History and Applications of Arrays
– First array-sorting program (merge sort) written by John von Neumann in 1945
– Early array indexing done by self-modifying code
– Some mainframes in the 1960s used memory segmentation for index-bounds checking
– High-level programming languages like FORTRAN, Lisp, COBOL, and ALGOL 60 had support for multi-dimensional arrays
– C++ introduced class templates for fixed and runtime-flexible multi-dimensional arrays
– Arrays used for mathematical vectors, matrices, and rectangular tables
– Many databases consist of one-dimensional arrays with record elements
– Arrays used to implement other data structures like lists, heaps, hash tables, queues, stacks, and strings
– Arrays used for in-program dynamic memory allocation
– Arrays used as control tables to determine program control flow
Element Identifier and Addressing Formulas
– Indexes (subscripts) used to select individual objects in an array
– Three ways to index elements: zero-based indexing, one-based indexing, and n-based indexing
– Zero-based indexing is a design choice in influential programming languages like C, Java, and Lisp
– Arrays can have multiple dimensions, requiring multiple indices for access
– The number of indices needed to specify an element is called the dimensionality or rank of the array
– One-dimensional arrays are linear arrays with a single subscript for element access
– Subscript can represent a row or column index
– Accessing elements in a one-dimensional array is straightforward
– One-dimensional arrays are commonly used in various applications
– Can be implemented efficiently with little space overhead
Array Data Type
– Array data type provided by high-level programming languages
– Collection of values or variables selected by one or more run-time indices
– Array types often implemented by array structures, hash tables, linked lists, search trees, etc.
– Array data type can be implemented using various data structures
– Array data type is an abstract data type capturing essential properties of arrays
Multidimensional Arrays and Efficiency
– Addressing formula for element with indices: [row][column]
– Formula: base address + (row * row address increment) + (column * column address increment)
– Example: int a
– Array has 2 rows and 3 columns
– Elements stored linearly, starting from first row to second row
– Static arrays have a fixed size and do not allow insertion or removal of elements
– Dynamic arrays can be implemented by allocating a new array and copying contents
– Insertions at the end of the array require amortized constant time
– Store and select operations on arrays take constant time
– Arrays take linear space in the number of elements they hold
– Sequential iteration over an array is faster due to locality of reference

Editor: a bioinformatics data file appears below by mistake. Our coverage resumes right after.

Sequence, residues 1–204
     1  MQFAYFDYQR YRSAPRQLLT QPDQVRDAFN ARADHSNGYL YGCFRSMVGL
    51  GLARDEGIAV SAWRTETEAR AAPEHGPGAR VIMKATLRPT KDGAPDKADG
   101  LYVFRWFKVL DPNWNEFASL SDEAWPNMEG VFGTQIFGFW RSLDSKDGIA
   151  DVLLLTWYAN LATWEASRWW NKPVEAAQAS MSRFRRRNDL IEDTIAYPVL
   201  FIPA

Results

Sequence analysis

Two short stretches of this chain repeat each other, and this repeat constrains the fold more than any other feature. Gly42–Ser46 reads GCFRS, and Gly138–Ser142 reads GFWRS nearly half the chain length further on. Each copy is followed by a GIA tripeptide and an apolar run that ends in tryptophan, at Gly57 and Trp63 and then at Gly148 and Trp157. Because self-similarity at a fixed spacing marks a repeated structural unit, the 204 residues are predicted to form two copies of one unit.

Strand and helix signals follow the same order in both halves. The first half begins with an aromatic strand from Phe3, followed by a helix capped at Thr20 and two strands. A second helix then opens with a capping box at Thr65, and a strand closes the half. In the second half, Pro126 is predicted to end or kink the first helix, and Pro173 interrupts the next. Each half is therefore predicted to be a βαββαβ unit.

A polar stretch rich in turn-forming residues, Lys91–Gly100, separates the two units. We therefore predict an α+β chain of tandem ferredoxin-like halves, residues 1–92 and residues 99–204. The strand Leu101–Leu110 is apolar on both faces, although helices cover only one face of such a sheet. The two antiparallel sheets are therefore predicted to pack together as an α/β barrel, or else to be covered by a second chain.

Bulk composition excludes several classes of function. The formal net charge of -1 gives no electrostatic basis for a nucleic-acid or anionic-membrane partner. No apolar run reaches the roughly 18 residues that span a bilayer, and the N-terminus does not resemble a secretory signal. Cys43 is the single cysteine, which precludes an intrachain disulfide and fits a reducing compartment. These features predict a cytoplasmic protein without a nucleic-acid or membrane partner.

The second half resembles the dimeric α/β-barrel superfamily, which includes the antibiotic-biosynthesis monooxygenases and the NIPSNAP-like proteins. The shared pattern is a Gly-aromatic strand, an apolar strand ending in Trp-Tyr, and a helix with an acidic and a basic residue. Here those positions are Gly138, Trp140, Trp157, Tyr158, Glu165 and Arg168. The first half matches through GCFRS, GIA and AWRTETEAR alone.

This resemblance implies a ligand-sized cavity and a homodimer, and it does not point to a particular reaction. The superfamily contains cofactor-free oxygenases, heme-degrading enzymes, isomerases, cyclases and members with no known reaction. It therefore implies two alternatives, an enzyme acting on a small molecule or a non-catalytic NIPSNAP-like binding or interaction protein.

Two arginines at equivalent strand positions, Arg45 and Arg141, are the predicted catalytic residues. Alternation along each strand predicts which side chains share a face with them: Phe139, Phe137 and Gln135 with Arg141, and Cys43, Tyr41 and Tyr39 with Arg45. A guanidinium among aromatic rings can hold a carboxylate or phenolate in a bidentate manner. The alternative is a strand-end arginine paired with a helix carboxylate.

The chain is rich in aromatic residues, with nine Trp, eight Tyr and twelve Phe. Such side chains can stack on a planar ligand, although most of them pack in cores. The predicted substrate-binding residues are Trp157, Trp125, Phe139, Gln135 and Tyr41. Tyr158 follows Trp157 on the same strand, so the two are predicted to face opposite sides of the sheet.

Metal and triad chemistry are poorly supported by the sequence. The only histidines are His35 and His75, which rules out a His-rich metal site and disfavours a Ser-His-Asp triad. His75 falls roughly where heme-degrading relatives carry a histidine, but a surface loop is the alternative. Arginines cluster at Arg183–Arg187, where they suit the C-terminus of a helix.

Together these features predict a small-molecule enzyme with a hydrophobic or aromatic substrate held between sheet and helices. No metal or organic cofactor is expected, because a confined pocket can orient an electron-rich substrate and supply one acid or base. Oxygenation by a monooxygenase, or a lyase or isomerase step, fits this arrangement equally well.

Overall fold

– Arrays have no per-element overhead and are memory-wise compact
– Optimized routines like memcpy can significantly speed up copying array elements
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In computer science, an array is a data structure consisting of a collection of elements (values or variables), of same memory size, each identified by at least one array index or key. An array is stored such that the position of each element can be computed from its index tuple by a mathematical formula. The simplest type of data structure is a linear array, also called one-dimensional array.
For example, an array of ten 32-bit (4-byte) integer variables, with indices 0 through 9, may be stored as ten words at memory addresses 2000, 2004, 2008, ..., 2036, (in hexadecimal:
0x7F4) so that the element with index i has the address 2000 + (i × 4).
The memory address of the first element of an array is called first address, foundation address, or base address.
Because the mathematical concept of a matrix can be represented as a two-dimensional grid, two-dimensional arrays are also sometimes called "matrices". In some cases the term "vector" is used in computing to refer to an array, although tuples rather than vectors are the more mathematically correct equivalent. Tables are often implemented in the form of arrays, especially lookup tables; the word "table" is sometimes used as a synonym of array.
Arrays are among the oldest and most important data structures, and are used by almost every program. They are also used to implement many other data structures, such as lists and strings. They effectively exploit the addressing logic of computers. In most modern computers and many external storage devices, the memory is a one-dimensional array of words, whose indices are their addresses. Processors, especially vector processors, are often optimized for array operations.
Arrays are useful mostly because the element indices can be computed at run time. Among other things, this feature allows a single iterative statement to process arbitrarily many elements of an array. For that reason, the elements of an array data structure are required to have the same size and should use the same data representation. The set of valid index tuples and the addresses of the elements (and hence the element addressing formula) are usually, but not always, fixed while the array is in use.
The term "array" may also refer to an array data type, a kind of data type provided by most high-level programming languages that consists of a collection of values or variables that can be selected by one or more indices computed at run-time. Array types are often implemented by array structures; however, in some languages they may be implemented by hash tables, linked lists, search trees, or other data structures.
The term is also used, especially in the description of algorithms, to mean associative array or "abstract array", a theoretical computer science model (an abstract data type or ADT) intended to capture the essential properties of arrays.
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